First, as we entered 2014, investments in hedge funds and private equity led to a massive over-capitalization in alternative investments led. We think hedge fund managers are much more likely to attempt to find an advantage in under-researched securities. The largest private equity investment is in leveraged buyouts, transactions which are mostly likely to occur in small and mid-cap companies. Since investors have drowned both of these alternatives with money (mostly coming from net liquidation of large-cap investments) it is easy to see how over-capitalization would occur. See the NACUBO study from the end of 2013 for the asset allocation of the nation’s foundations and endowments totaling over 1 trillion in investable dollars as representative of U.S. institutional investors as a whole:
Second, to top the whole thing off and truly lay the groundwork for seven to ten years of small-cap misery, you needed the equivalent of the Sports Illustrated curse. This came in the form of passive investing guru, Dr. Eugene Fama, receiving the Nobel Prize in Economics for emphasizing the historical outperformance of small-caps in indexing and asset allocation. He is a big believer in the idea that active management is for the birds compared to passive investments, especially the “smart beta” passive indexes which his company propagates. Bachman-Turner gave you all the asset allocation advice you need in this set of thoughts:
And now I’m feelin’ better
‘Cause I found out for sure
She took me to her doctor
And he told me of a cure
He said that any love is good love
So I took what I could get
Yes, I took what I could get
And then she looked at me with them big brown eyes
Returning to 1984 and You Ain’t Seen Nothin’ Yet, we all need a “cure”. The S&P 500 went on to beat the Russell 2000 by 48% in the four-year stretch from June 30th, 1983 to June 30th, 1987. Each up market move saw large beat small and each down market especially punished small-cap stocks. Interest was also significantly diminished in glamour techs, a warning sign for owners of today’s exciting and frothy darlings. In our opinion, when the wholesaler promoting alternatives shows up at your office, you better claim to be on vacation. When the doctor with those “big brown eyes” comes trumpeting small-caps and “smart indexes,” don’t make eye contact. Smead Capital believes only meritorious and undervalued securities are “good love”.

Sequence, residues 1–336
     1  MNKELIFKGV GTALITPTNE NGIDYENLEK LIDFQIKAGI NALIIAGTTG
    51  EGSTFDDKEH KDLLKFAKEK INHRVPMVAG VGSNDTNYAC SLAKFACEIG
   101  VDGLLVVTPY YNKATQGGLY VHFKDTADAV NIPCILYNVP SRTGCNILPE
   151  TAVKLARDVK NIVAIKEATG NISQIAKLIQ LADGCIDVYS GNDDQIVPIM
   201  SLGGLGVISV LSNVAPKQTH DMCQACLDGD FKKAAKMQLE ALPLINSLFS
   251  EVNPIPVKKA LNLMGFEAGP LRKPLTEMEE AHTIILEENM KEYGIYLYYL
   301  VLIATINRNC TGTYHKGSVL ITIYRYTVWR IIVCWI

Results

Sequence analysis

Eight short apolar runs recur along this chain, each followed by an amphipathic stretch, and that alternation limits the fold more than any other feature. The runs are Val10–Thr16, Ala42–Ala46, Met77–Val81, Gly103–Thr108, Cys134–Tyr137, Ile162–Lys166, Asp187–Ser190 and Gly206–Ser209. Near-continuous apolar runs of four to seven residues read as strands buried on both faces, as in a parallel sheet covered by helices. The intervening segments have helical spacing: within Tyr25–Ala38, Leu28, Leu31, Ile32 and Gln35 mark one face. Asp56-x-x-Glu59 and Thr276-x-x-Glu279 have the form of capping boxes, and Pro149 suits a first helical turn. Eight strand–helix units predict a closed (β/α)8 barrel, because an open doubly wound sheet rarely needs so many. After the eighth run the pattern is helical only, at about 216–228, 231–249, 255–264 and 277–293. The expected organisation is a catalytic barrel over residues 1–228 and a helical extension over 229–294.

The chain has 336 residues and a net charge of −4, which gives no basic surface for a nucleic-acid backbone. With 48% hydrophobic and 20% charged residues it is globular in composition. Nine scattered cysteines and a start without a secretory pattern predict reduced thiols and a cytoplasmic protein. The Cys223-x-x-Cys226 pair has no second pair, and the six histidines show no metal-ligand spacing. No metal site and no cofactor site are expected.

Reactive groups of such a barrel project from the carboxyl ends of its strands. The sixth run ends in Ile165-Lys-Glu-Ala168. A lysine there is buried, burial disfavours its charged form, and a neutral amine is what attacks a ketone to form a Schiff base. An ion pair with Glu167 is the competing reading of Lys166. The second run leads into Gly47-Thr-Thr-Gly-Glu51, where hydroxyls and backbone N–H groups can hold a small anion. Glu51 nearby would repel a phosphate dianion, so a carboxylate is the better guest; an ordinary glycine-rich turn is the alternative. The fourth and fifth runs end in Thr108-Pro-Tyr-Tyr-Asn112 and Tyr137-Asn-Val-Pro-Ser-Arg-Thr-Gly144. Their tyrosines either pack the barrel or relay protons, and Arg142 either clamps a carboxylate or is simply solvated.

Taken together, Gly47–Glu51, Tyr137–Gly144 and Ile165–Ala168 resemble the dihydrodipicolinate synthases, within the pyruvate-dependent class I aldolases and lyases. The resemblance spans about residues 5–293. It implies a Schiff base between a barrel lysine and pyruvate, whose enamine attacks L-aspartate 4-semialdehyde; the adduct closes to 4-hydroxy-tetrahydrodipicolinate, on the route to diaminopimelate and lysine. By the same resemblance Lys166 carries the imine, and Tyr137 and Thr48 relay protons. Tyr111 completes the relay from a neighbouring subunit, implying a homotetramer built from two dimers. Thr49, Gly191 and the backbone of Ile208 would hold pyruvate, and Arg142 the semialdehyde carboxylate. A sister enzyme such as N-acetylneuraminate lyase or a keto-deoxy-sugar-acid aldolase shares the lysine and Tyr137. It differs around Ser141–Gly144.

We think investors should join CALPERS (who ditched hedge fund investments) in a pull back of capital (love) from hedge funds and reduce or eliminate commitments (love) to private equity while they wait for the big-time debacles to show. We believe this will lead to a mass exodus back to less expensive large-cap stocks, a process in the early stages. Some bear markets cure concentrated over-capitalization of asset classes like 2000-2003 and some clean out everything in total liquidation like 2007-09. We at Smead Capital believe the next cure will be centered in small-cap stocks, frothy conceptual tech stocks, hedge funds, private equity and high yield bonds/loans attached to them. Since we can’t stutter in the process of writing, we’ll share our last thought in BTO lyrics:
You ain’t seen nothin’ yet
B-b-b-baby, you just ain’t seen n-n-nothin’ yet
Here’s something, here’s something your never gonna forget
baby, you know, you know, you know you just ain’t seen nothin’ yet
The information contained in this newsletter represents SCM’s opinions, and should not be construed as personalized or individualized investment advice. Past performance is no guarantee of future results. It should not be assumed that investing in any securities mentioned above will or will not be profitable. A list of all recommendations made by Smead Capital Management within the past twelve month period is available upon request.
This Newsletter and others are available at smeadcap.com